1040e 3. 1040e   Savings Incentive Match Plans for Employees (SIMPLE) Table of Contents Introduction What Is a SIMPLE Plan?Eligible Employees How Are Contributions Made? How Much Can Be Contributed on Your Behalf?Matching contributions less than 3%. 1040e Traditional IRA mistakenly moved to SIMPLE IRA. 1040e When Can You Withdraw or Use Assets?Are Distributions Taxable? Introduction This chapter is for employees who need information about savings incentive match plans for employees (SIMPLE plans). 1040e It explains what a SIMPLE plan is, contributions to a SIMPLE plan, and distributions from a SIMPLE plan. 1040e Under a SIMPLE plan, SIMPLE retirement accounts for participating employees can be set up either as: Part of a 401(k) plan, or A plan using IRAs (SIMPLE IRA). 1040e This chapter only discusses the SIMPLE plan rules that relate to SIMPLE IRAs. 1040e See chapter 3 of Publication 560 for information on any special rules for SIMPLE plans that do not use IRAs. 1040e If your employer maintains a SIMPLE plan, you must be notified, in writing, that you can choose the financial institution that will serve as trustee for your SIMPLE IRA and that you can roll over or transfer your SIMPLE IRA to another financial institution. 1040e See Rollovers and Transfers Exception, later under When Can You Withdraw or Use Assets. 1040e What Is a SIMPLE Plan? A SIMPLE plan is a tax-favored retirement plan that certain small employers (including self-employed individuals) can set up for the benefit of their employees. 1040e See chapter 3 of Publication 560 for information on the requirements employers must satisfy to set up a SIMPLE plan. 1040e A SIMPLE plan is a written agreement (salary reduction agreement) between you and your employer that allows you, if you are an eligible employee (including a self-employed individual), to choose to: Reduce your compensation (salary) by a certain percentage each pay period, and Have your employer contribute the salary reductions to a SIMPLE IRA on your behalf. 1040e These contributions are called salary reduction contributions. 1040e All contributions under a SIMPLE IRA plan must be made to SIMPLE IRAs, not to any other type of IRA. 1040e The SIMPLE IRA can be an individual retirement account or an individual retirement annuity, described in chapter 1. 1040e Contributions are made on behalf of eligible employees. 1040e (See Eligible Employees below. 1040e ) Contributions are also subject to various limits. 1040e (See How Much Can Be Contributed on Your Behalf , later. 1040e ) In addition to salary reduction contributions, your employer must make either matching contributions or nonelective contributions. 1040e See How Are Contributions Made , later. 1040e You may be able to claim a credit for contributions to your SIMPLE plan. 1040e For more information, see chapter 4. 1040e Eligible Employees You must be allowed to participate in your employer's SIMPLE plan if you: Received at least $5,000 in compensation from your employer during any 2 years prior to the current year, and Are reasonably expected to receive at least $5,000 in compensation during the calendar year for which contributions are made. 1040e Self-employed individual. 1040e   For SIMPLE plan purposes, the term employee includes a self-employed individual who received earned income. 1040e Excludable employees. 1040e   Your employer can exclude the following employees from participating in the SIMPLE plan. 1040e Employees whose retirement benefits are covered by a collective bargaining agreement (union contract). 1040e Employees who are nonresident aliens and received no earned income from sources within the United States. 1040e Employees who would not have been eligible employees if an acquisition, disposition, or similar transaction had not occurred during the year. 1040e Compensation. 1040e   For purposes of the SIMPLE plan rules, your compensation for a year generally includes the following amounts. 1040e Wages, tips, and other pay from your employer that is subject to income tax withholding. 1040e Deferred amounts elected under any 401(k) plans, 403(b) plans, government (section 457) plans, SEP plans, and SIMPLE plans. 1040e Self-employed individual compensation. 1040e   For purposes of the SIMPLE plan rules, if you are self-employed, your compensation for a year is your net earnings from self-employment (Schedule SE (Form 1040), Section A, line 4, or Section B, line 6) before subtracting any contributions made to a SIMPLE IRA on your behalf. 1040e   For these purposes, net earnings from self-employment include services performed while claiming exemption from self-employment tax as a member of a group conscientiously opposed to social security benefits. 1040e How Are Contributions Made? Contributions under a salary reduction agreement are called salary reduction contributions. 1040e They are made on your behalf by your employer. 1040e Your employer must also make either matching contributions or nonelective contributions. 1040e Salary reduction contributions. 1040e   During the 60-day period before the beginning of any year, and during the 60-day period before you are eligible, you can choose salary reduction contributions expressed either as a percentage of compensation, or as a specific dollar amount (if your employer offers this choice). 1040e You can choose to cancel the election at any time during the year. 1040e   Salary reduction contributions are also referred to as “elective deferrals. 1040e ”   Your employer cannot place restrictions on the contributions amount (such as by limiting the contributions percentage), except to comply with the salary reduction contributions limit, discussed under How Much Can Be Contributed on Your Behalf, later. 1040e Matching contributions. 1040e   Unless your employer chooses to make nonelective contributions, your employer must make contributions equal to the salary reduction contributions you choose (elect), but only up to certain limits. 1040e See How Much Can Be Contributed on Your Behalf below. 1040e These contributions are in addition to the salary reduction contributions and must be made to the SIMPLE IRAs of all eligible employees (defined earlier) who chose salary reductions. 1040e These contributions are referred to as matching contributions. 1040e   Matching contributions on behalf of a self-employed individual are not treated as salary reduction contributions. 1040e Nonelective contributions. 1040e   Instead of making matching contributions, your employer may be able to choose to make nonelective contributions on behalf of all eligible employees. 1040e These nonelective contributions must be made on behalf of each eligible employee who has at least $5,000 of compensation from your employer, whether or not the employee chose salary reductions. 1040e   One of the requirements your employer must satisfy is notifying the employees that the election was made. 1040e For other requirements that your employer must satisfy, see chapter 3 of Publication 560. 1040e How Much Can Be Contributed on Your Behalf? The limits on contributions to a SIMPLE IRA vary with the type of contribution that is made. 1040e Salary reduction contributions limit. 1040e   Salary reduction contributions (employee-chosen contributions or elective deferrals) that your employer can make on your behalf under a SIMPLE plan are limited to $12,000 for 2013. 1040e The limitation remains at $12,000 for 2014. 1040e If you are a participant in any other employer plans during 2013 and you have elective salary reductions or deferred compensation under those plans, the salary reduction contributions under the SIMPLE plan also are included in the annual limit of $17,500 for 2013 on exclusions of salary reductions and other elective deferrals. 1040e You, not your employer, are responsible for monitoring compliance with these limits. 1040e Additional elective deferrals can be contributed to your SIMPLE plan if: You reached age 50 by the end of 2013, and No other elective deferrals can be made for you to the plan for the year because of limits or restrictions, such as the regular annual limit. 1040e The most that can be contributed in additional elective deferrals to your SIMPLE plan is the lesser of the following two amounts. 1040e $2,500 for 2013, or Your compensation for the year reduced by your other elective deferrals for the year. 1040e The additional deferrals are not subject to any other contribution limit and are not taken into account in applying other contribution limits. 1040e The additional deferrals are not subject to the nondiscrimination rules as long as all eligible participants are allowed to make them. 1040e Matching employer contributions limit. 1040e   Generally, your employer must make matching contributions to your SIMPLE IRA in an amount equal to your salary reduction contributions. 1040e These matching contributions cannot be more than 3% of your compensation for the calendar year. 1040e See Matching contributions less than 3% below. 1040e Example 1. 1040e In 2013, Joshua was a participant in his employer's SIMPLE plan. 1040e His compensation, before SIMPLE plan contributions, was $41,600 ($800 per week). 1040e Instead of taking it all in cash, Joshua elected to have 12. 1040e 5% of his weekly pay ($100) contributed to his SIMPLE IRA. 1040e For the full year, Joshua's salary reduction contributions were $5,200, which is less than the $12,000 limit on these contributions. 1040e Under the plan, Joshua's employer was required to make matching contributions to Joshua's SIMPLE IRA. 1040e Because his employer's matching contributions must equal Joshua's salary reductions, but cannot be more than 3% of his compensation (before salary reductions) for the year, his employer's matching contribution was limited to $1,248 (3% of $41,600). 1040e Example 2. 1040e Assume the same facts as in Example 1 , except that Joshua's compensation for the year was $408,163 and he chose to have 2. 1040e 94% of his weekly pay contributed to his SIMPLE IRA. 1040e In this example, Joshua's salary reduction contributions for the year (2. 1040e 94% × $408,163) were equal to the 2013 limit for salary reduction contributions ($12,000). 1040e Because 3% of Joshua's compensation ($12,245) is more than the amount his employer was required to match ($12,000), his employer's matching contributions were limited to $12,000. 1040e In this example, total contributions made on Joshua's behalf for the year were $24,000 ($12,000 (Joshua's contributions) + $12,000 (matching contributions)), the maximum contributions permitted under a SIMPLE IRA for 2013. 1040e Matching contributions less than 3%. 1040e   Your employer can reduce the 3% limit on matching contributions for a calendar year, but only if: The limit is not reduced below 1%, The limit is not reduced for more than 2 years out of the 5-year period that ends with (and includes) the year for which the election is effective, and Employees are notified of the reduced limit within a reasonable period of time before the 60-day election period during which they can enter into salary reduction agreements. 1040e   For purposes of applying the rule in item (2) in determining whether the limit was reduced below 3% for the year, any year before the first year in which your employer (or a former employer) maintains a SIMPLE IRA plan will be treated as a year for which the limit was 3%. 1040e If your employer chooses to make nonelective contributions for a year, that year also will be treated as a year for which the limit was 3%. 1040e Nonelective employer contributions limit. 1040e   If your employer chooses to make nonelective contributions, instead of matching contributions, to each eligible employee's SIMPLE IRA, contributions must be 2% of your compensation for the entire year. 1040e For 2013, only $255,000 of your compensation can be taken into account to figure the contribution limit. 1040e   Your employer can substitute the 2% nonelective contribution for the matching contribution for a year if both of the following requirements are met. 1040e Eligible employees are notified that a 2% nonelective contribution will be made instead of a matching contribution. 1040e This notice is provided within a reasonable period during which employees can enter into salary reduction agreements. 1040e Example 3. 1040e Assume the same facts as in Example 2 , except that Joshua's employer chose to make nonelective contributions instead of matching contributions. 1040e Because his employer's nonelective contributions are limited to 2% of up to $255,000 of Joshua's compensation, his employer's contribution to Joshua's SIMPLE IRA was limited to $5,100. 1040e In this example, total contributions made on Joshua's behalf for the year were $17,100 (Joshua's salary reductions of $12,000 plus his employer's contribution of $5,100). 1040e Traditional IRA mistakenly moved to SIMPLE IRA. 1040e   If you mistakenly roll over or transfer an amount from a traditional IRA to a SIMPLE IRA, you can later recharacterize the amount as a contribution to another traditional IRA. 1040e For more information, see Recharacterizations in chapter 1. 1040e Recharacterizing employer contributions. 1040e   You cannot recharacterize employer contributions (including elective deferrals) under a SEP or SIMPLE plan as contributions to another IRA. 1040e SEPs are discussed in chapter 2 of Publication 560. 1040e SIMPLE plans are discussed in this chapter. 1040e Converting from a SIMPLE IRA. 1040e   Generally, you can convert an amount in your SIMPLE IRA to a Roth IRA under the same rules explained in chapter 1 under Converting From Any Traditional IRA Into a Roth IRA . 1040e    However, you cannot convert any amount distributed from the SIMPLE IRA during the 2-year period beginning on the date you first participated in any SIMPLE IRA plan maintained by your employer. 1040e When Can You Withdraw or Use Assets? Generally, the same distribution (withdrawal) rules that apply to traditional IRAs apply to SIMPLE IRAs. 1040e These rules are discussed in chapter 1. 1040e Your employer cannot restrict you from taking distributions from a SIMPLE IRA. 1040e Are Distributions Taxable? Generally, distributions from a SIMPLE IRA are fully taxable as ordinary income. 1040e If the distribution is an early distribution (discussed in chapter 1), it may be subject to the additional tax on early distributions. 1040e See Additional Tax on Early Distributions, later. 1040e Rollovers and Transfers Exception Generally, rollovers and trustee-to-trustee transfers are not taxable distributions. 1040e Two-year rule. 1040e   To qualify as a tax-free rollover (or a tax-free trustee-to-trustee transfer), a rollover distribution (or a transfer) made from a SIMPLE IRA during the 2-year period beginning on the date on which you first participated in your employer's SIMPLE plan must be contributed (or transferred) to another SIMPLE IRA. 1040e The 2-year period begins on the first day on which contributions made by your employer are deposited in your SIMPLE IRA. 1040e   After the 2-year period, amounts in a SIMPLE IRA can be rolled over or transferred tax free to an IRA other than a SIMPLE IRA, or to a qualified plan, a tax-sheltered annuity plan (section 403(b) plan), or deferred compensation plan of a state or local government (section 457 plan). 1040e Additional Tax on Early Distributions The additional tax on early distributions (discussed in chapter 1) applies to SIMPLE IRAs. 1040e If a distribution is an early distribution and occurs during the 2-year period following the date on which you first participated in your employer's SIMPLE plan, the additional tax on early distributions is increased from 10% to 25%. 1040e If a rollover distribution (or transfer) from a SIMPLE IRA does not satisfy the 2-year rule, and is otherwise an early distribution, the additional tax imposed because of the early distribution is increased from 10% to 25% of the amount distributed. 1040e Prev  Up  Next   Home   More Online Publications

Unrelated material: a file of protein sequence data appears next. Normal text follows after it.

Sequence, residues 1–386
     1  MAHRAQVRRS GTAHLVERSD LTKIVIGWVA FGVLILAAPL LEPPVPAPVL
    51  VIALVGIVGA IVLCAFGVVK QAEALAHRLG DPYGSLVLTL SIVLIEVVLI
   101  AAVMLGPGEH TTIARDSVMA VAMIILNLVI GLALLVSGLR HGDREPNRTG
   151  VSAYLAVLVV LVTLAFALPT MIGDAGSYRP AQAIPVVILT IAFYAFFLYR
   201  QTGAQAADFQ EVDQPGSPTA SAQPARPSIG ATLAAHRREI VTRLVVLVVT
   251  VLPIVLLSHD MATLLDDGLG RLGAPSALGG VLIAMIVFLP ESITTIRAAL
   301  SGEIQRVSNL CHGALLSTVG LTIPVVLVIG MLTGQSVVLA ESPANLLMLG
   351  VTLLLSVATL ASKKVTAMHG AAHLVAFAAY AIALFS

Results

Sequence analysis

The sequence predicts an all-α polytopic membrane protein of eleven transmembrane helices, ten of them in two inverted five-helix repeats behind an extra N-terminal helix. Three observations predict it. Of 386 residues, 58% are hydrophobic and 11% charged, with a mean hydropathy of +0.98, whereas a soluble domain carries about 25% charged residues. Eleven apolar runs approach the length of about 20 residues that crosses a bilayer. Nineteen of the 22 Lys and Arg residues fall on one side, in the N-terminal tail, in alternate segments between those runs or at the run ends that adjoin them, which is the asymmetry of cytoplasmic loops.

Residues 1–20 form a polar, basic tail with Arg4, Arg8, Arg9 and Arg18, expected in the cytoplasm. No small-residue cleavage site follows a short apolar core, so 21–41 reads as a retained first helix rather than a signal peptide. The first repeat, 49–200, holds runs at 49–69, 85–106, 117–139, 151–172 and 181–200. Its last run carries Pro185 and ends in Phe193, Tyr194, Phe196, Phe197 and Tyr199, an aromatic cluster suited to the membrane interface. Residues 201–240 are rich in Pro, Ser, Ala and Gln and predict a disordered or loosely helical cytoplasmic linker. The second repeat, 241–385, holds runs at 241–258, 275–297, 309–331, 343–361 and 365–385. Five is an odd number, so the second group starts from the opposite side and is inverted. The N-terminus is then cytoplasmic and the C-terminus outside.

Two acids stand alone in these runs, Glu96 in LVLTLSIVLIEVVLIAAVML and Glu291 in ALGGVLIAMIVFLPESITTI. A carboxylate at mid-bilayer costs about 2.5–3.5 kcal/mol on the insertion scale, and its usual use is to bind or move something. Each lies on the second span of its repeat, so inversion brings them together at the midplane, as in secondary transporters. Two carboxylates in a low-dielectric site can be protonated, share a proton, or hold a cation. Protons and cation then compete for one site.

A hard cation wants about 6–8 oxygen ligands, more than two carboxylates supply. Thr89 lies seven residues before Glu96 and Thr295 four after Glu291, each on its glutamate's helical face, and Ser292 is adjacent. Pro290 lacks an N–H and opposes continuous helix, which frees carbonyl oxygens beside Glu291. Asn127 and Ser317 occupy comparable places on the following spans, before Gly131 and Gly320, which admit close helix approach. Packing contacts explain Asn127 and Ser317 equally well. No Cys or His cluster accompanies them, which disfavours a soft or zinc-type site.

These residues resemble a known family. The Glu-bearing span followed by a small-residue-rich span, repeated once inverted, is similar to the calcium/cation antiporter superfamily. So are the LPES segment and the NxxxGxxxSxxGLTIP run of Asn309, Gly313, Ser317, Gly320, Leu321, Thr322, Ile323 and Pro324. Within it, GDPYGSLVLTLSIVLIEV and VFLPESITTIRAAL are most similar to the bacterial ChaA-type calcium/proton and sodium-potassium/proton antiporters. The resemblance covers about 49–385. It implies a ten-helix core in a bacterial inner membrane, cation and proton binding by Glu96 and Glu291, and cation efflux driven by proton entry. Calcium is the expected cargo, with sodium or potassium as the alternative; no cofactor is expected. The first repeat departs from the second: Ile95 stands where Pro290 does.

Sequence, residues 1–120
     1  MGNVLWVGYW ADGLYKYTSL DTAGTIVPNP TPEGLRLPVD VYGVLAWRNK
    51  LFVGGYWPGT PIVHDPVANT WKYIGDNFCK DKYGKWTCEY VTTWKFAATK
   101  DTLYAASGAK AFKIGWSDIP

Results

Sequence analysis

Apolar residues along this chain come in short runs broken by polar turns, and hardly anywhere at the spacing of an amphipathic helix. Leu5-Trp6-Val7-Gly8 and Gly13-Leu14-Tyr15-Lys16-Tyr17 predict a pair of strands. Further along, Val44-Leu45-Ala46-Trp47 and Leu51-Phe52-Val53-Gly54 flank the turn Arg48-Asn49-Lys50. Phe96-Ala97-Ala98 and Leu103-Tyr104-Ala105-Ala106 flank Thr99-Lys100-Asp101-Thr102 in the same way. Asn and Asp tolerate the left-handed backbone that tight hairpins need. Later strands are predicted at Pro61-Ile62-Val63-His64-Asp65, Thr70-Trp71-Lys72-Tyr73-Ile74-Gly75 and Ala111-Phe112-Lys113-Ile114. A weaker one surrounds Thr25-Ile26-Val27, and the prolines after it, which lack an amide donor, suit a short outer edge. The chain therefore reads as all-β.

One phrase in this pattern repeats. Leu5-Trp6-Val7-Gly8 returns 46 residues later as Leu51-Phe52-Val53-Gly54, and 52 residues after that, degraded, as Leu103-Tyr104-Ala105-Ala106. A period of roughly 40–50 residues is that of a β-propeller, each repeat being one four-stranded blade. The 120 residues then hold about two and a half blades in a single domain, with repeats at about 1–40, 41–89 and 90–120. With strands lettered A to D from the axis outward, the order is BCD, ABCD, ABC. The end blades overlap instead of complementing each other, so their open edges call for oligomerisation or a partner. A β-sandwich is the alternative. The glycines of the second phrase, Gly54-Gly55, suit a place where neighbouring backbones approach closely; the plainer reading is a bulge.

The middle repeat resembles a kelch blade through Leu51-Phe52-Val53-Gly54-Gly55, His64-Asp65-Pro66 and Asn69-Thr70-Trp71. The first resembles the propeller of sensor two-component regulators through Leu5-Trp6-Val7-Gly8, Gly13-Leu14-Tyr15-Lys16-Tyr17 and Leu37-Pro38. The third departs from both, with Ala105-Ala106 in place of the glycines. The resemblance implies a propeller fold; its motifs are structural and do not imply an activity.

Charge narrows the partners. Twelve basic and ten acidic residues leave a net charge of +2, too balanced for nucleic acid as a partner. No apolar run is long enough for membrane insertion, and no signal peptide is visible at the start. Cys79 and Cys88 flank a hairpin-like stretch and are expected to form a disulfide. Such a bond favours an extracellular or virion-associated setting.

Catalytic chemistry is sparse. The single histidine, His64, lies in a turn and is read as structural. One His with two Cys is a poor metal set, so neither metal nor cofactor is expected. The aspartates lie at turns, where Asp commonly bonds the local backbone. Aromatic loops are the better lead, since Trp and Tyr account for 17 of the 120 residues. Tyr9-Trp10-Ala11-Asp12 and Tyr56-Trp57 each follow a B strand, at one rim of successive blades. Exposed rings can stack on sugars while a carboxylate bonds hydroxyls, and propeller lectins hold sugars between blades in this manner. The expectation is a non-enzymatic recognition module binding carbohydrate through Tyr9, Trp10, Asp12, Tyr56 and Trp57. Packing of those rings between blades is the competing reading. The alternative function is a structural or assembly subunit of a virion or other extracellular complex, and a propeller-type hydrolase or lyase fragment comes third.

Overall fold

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The 1040e

1040e 5. 1040e   Table and Worksheets for the Self-Employed Table of Contents Community property laws. 1040e As discussed in chapters 2 and 4, if you are self-employed, you must use the rate table or rate worksheet and deduction worksheet to figure your deduction for contributions you made for yourself to a SEP-IRA or qualified plan. 1040e First, use either the rate table or rate worksheet to find your reduced contribution rate. 1040e Then complete the deduction worksheet to figure your deduction for contributions. 1040e The table and the worksheets in chapter 5 apply only to self-employed individuals who have only one defined contribution plan, such as a profit-sharing plan. 1040e A SEP plan is treated as a profit-sharing plan. 1040e However, do not use this worksheet for SARSEPs. 1040e Rate table for self-employed. 1040e   If your plan's contribution rate is a whole percentage (for example, 12% rather than 12½%), you can use the table on the next page to find your reduced contribution rate. 1040e Otherwise, use the rate worksheet provided below. 1040e   First, find your plan contribution rate (the contribution rate stated in your plan) in Column A of the table. 1040e Then read across to the rate under Column B. 1040e Enter the rate from Column B in step 4 of the Deduction Worksheet for Self-Employed on this page. 1040e    Example. 1040e You are a sole proprietor with no employees. 1040e If your plan's contribution rate is 10% of a participant's compensation, your rate is 0. 1040e 090909. 1040e Enter this rate in step 4 of the Deduction Worksheet for Self-Employed on this page. 1040e Deduction Worksheet for Self-Employed   Step 1           Enter your net profit from line 31, Schedule C (Form 1040); line 3, Schedule C-EZ (Form 1040); line 34, Schedule F (Form 1040)*; or box 14, code A**, Schedule K-1 (Form 1065)*. 1040e For information on other income included in net profit from self-employment, see the Instructions for Schedule SE, Form 1040. 1040e       *Reduce this amount by any amount reported on Schedule SE (Form 1040), line 1b. 1040e       **General partners should reduce this amount by the same additional expenses subtracted from box 14, code A to determine the amount on line 1 or 2 of Schedule SE. 1040e     Step 2           Enter your deduction for self-employment tax from Form 1040, line 27             Step 3           Net earnings from self-employment. 1040e Subtract step 2 from step 1     Step 4           Enter your rate from the Rate Table for Self-Employed or Rate Worksheet for Self-Employed     Step 5           Multiply step 3 by step 4     Step 6           Multiply $255,000 by your plan contribution rate (not the reduced rate)     Step 7           Enter the smaller of step 5 or step 6     Step 8           Contribution dollar limit $51,000     • If you made any elective deferrals to your self-employed plan, go to step 9. 1040e         • Otherwise, skip steps 9 through 20 and enter the smaller of step 7 or step 8 on step 21. 1040e       Step 9           Enter your allowable elective deferrals (including designated Roth contributions) made to your self-employed plan during 2013. 1040e Do not enter more than $17,500     Step 10           Subtract step 9 from step 8     Step 11           Subtract step 9 from step 3       Step 12           Enter one-half of step 11     Step 13           Enter the smallest of step 7, 10, or 12     Step 14           Subtract step 13 from step 3     Step 15           Enter the smaller of step 9 or step 14       • If you made catch-up contributions, go to step 16. 1040e         • Otherwise, skip steps 16 through 18 and go to step 19. 1040e       Step 16           Subtract step 15 from step 14     Step 17           Enter your catch-up contributions (including designated Roth contributions), if any. 1040e Do not enter more than $5,500     Step 18           Enter the smaller of step 16 or step 17     Step 19           Add steps 13, 15, and 18. 1040e     Step 20           Enter the amount of designated Roth contributions included on lines 9 and 17. 1040e     Step 21           Subtract step 20 from step 19. 1040e This is your maximum deductible contribution. 1040e                 Next: Enter your actual contribution, not to exceed your maximum deductible contribution, on Form 1040, line 28. 1040e   Rate worksheet for self-employed. 1040e   If your plan's contribution rate is not a whole percentage (for example, 10½%), you cannot use the Rate Table for Self-Employed. 1040e Use the following worksheet instead. 1040e Rate Worksheet for Self-Employed 1) Plan contribution rate as a decimal (for example, 10½% = 0. 1040e 105)   2) Rate in line 1 plus 1 (for example, 0. 1040e 105 + 1 = 1. 1040e 105)   3) Self-employed rate as a decimal rounded to at least 3 decimal places (line 1 ÷ line 2) (for example, 0. 1040e 105 ÷ 1. 1040e 105 = 0. 1040e 095)   Figuring your deduction. 1040e   Now that you have your self-employed rate from either the rate table or rate worksheet, you can figure your maximum deduction for contributions for yourself by completing the Deduction Worksheet for Self-Employed. 1040e Community property laws. 1040e   If you reside in a community property state and you are married and filing a separate return, disregard community property laws for step 1 of the Deduction Worksheet for Self-Employed. 1040e Enter on step 1 the total net profit you actually earned. 1040e Rate Table for Self-Employed Column A  If the plan contri- bution rate is: (shown as %) Column B  Your rate is: (shown as decimal) 1 . 1040e 009901 2 . 1040e 019608 3 . 1040e 029126 4 . 1040e 038462 5 . 1040e 047619 6 . 1040e 056604 7 . 1040e 065421 8 . 1040e 074074 9 . 1040e 082569 10 . 1040e 090909 11 . 1040e 099099 12 . 1040e 107143 13 . 1040e 115044 14 . 1040e 122807 15 . 1040e 130435 16 . 1040e 137931 17 . 1040e 145299 18 . 1040e 152542 19 . 1040e 159664 20 . 1040e 166667 21 . 1040e 173554 22 . 1040e 180328 23 . 1040e 186992 24 . 1040e 193548 25* . 1040e 200000* *The deduction for annual employer contributions (other than elective deferrals) to a SEP plan, a profit-sharing plan, or a money purchase plan cannot be more than 20% of your net earnings (figured without deducting contributions for yourself) from the business that has the plan. 1040e Example. 1040e You are a sole proprietor with no employees. 1040e The terms of your plan provide that you contribute 8½% (. 1040e 085) of your compensation to your plan. 1040e Your net profit from line 31, Schedule C (Form 1040) is $200,000. 1040e You have no elective deferrals or catch-up contributions. 1040e Your self-employment tax deduction on line 27 of Form 1040 is $9,728. 1040e See the filled-in portions of both Schedule SE (Form 1040), Self-Employment Income, and Form 1040, later. 1040e You figure your self-employed rate and maximum deduction for employer contributions you made for yourself as follows. 1040e Deduction Worksheet for Self-Employed   Step 1           Enter your net profit from line 31, Schedule C (Form 1040); line 3, Schedule C-EZ (Form 1040); line 34, Schedule F (Form 1040)*; or box 14, code A**, Schedule K-1 (Form 1065)*. 1040e For information on other income included in net profit from self-employment, see the Instructions for Schedule SE, Form 1040. 1040e $200,000     *Reduce this amount by any amount reported on Schedule SE (Form 1040), line 1b. 1040e       **General partners should reduce this amount by the same additional expenses subtracted from box 14, code A to determine the amount on line 1 or 2 of Schedule SE. 1040e     Step 2           Enter your deduction for self-employment tax from Form 1040, line 27 9,728           Step 3           Net earnings from self-employment. 1040e Subtract step 2 from step 1 190,272   Step 4           Enter your rate from the Rate Table for Self-Employed or Rate Worksheet for Self-Employed 0. 1040e 078   Step 5           Multiply step 3 by step 4 14,841   Step 6           Multiply $255,000 by your plan contribution rate (not the reduced rate) 21,675   Step 7           Enter the smaller of step 5 or step 6 14,841   Step 8           Contribution dollar limit $51,000     • If you made any elective deferrals to your self-employed plan, go to step 9. 1040e         • Otherwise, skip steps 9 through 20 and enter the smaller of step 7 or step 8 on step 21. 1040e       Step 9           Enter your allowable elective deferrals (including designated Roth contributions) made to your self-employed plan during 2013. 1040e Do not enter more than $17,500 N/A   Step 10           Subtract step 9 from step 8     Step 11           Subtract step 9 from step 3       Step 12           Enter one-half of step 11     Step 13           Enter the smallest of step 7, 10, or 12     Step 14           Subtract step 13 from step 3     Step 15           Enter the smaller of step 9 or step 14       • If you made catch-up contributions, go to step 16. 1040e         • Otherwise, skip steps 16 through 18 and go to step 19. 1040e       Step 16           Subtract step 15 from step 14     Step 17           Enter your catch-up contributions (including designated Roth contributions), if any. 1040e Do not enter more than $5,500     Step 18           Enter the smaller of step 16 or step 17     Step 19           Add steps 13, 15, and 18. 1040e     Step 20           Enter the amount of designated Roth contributions included on lines 9 and 17     Step 21           Subtract step 20 from step 19. 1040e This is your maximum deductible contribution $14,841                 Next: Enter your actual contribution, not to exceed your maximum deductible contribution, on Form 1040, line 28. 1040e   See the filled-in Deduction Worksheet for Self-Employed on this page. 1040e Rate Worksheet for Self-Employed 1) Plan contribution rate as a decimal (for example, 10½% = 0. 1040e 105) 0. 1040e 085 2) Rate in line 1 plus 1 (for example, 0. 1040e 105 + 1 = 1. 1040e 105) 1. 1040e 085 3) Self-employed rate as a decimal rounded to at least 3 decimal places (line 1 ÷ line 2) (for example, 0. 1040e 105 ÷ 1. 1040e 105 = 0. 1040e 095) 0. 1040e 078 This image is too large to be displayed in the current screen. 1040e Please click the link to view the image. 1040e Portion of Form 1040 and Portion of Schedule SE Prev  Up  Next   Home   More Online Publications